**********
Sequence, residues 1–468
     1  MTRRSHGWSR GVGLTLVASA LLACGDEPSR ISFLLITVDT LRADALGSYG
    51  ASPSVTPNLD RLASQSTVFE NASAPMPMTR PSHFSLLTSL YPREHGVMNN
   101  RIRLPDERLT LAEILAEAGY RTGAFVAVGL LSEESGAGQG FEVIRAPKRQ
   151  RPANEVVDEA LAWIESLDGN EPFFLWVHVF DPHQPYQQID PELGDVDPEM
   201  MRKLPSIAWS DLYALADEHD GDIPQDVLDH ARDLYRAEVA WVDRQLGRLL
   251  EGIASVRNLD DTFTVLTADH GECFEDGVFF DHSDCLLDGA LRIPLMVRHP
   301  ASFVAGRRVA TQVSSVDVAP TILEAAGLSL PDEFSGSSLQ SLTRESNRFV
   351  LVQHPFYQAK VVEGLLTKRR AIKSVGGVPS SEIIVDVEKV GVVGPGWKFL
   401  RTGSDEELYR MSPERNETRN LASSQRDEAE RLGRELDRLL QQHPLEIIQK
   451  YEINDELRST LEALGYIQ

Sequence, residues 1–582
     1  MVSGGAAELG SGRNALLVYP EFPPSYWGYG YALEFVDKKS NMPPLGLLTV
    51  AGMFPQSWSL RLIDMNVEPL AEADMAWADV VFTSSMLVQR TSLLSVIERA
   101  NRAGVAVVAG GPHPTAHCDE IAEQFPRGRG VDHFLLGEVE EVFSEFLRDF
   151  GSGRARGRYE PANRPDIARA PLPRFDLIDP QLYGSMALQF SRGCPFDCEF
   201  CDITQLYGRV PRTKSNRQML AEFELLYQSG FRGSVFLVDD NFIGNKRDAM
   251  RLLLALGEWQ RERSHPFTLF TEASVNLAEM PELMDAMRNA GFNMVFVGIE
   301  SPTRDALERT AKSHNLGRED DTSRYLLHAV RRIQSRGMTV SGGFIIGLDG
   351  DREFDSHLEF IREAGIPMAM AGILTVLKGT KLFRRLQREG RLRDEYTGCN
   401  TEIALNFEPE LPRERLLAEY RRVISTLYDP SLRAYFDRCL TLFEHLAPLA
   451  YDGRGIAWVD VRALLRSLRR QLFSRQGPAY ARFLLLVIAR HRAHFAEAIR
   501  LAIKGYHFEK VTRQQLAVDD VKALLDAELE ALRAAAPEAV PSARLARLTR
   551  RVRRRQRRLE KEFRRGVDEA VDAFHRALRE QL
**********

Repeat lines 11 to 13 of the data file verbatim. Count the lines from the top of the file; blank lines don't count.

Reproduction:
   451  YEINDELRST LEALGYIQ

Sequence, residues 1–582
     1  MVSGGAAELG SGRNALLVYP EFPPSYWGYG YALEFVDKKS NMPPLGLLTV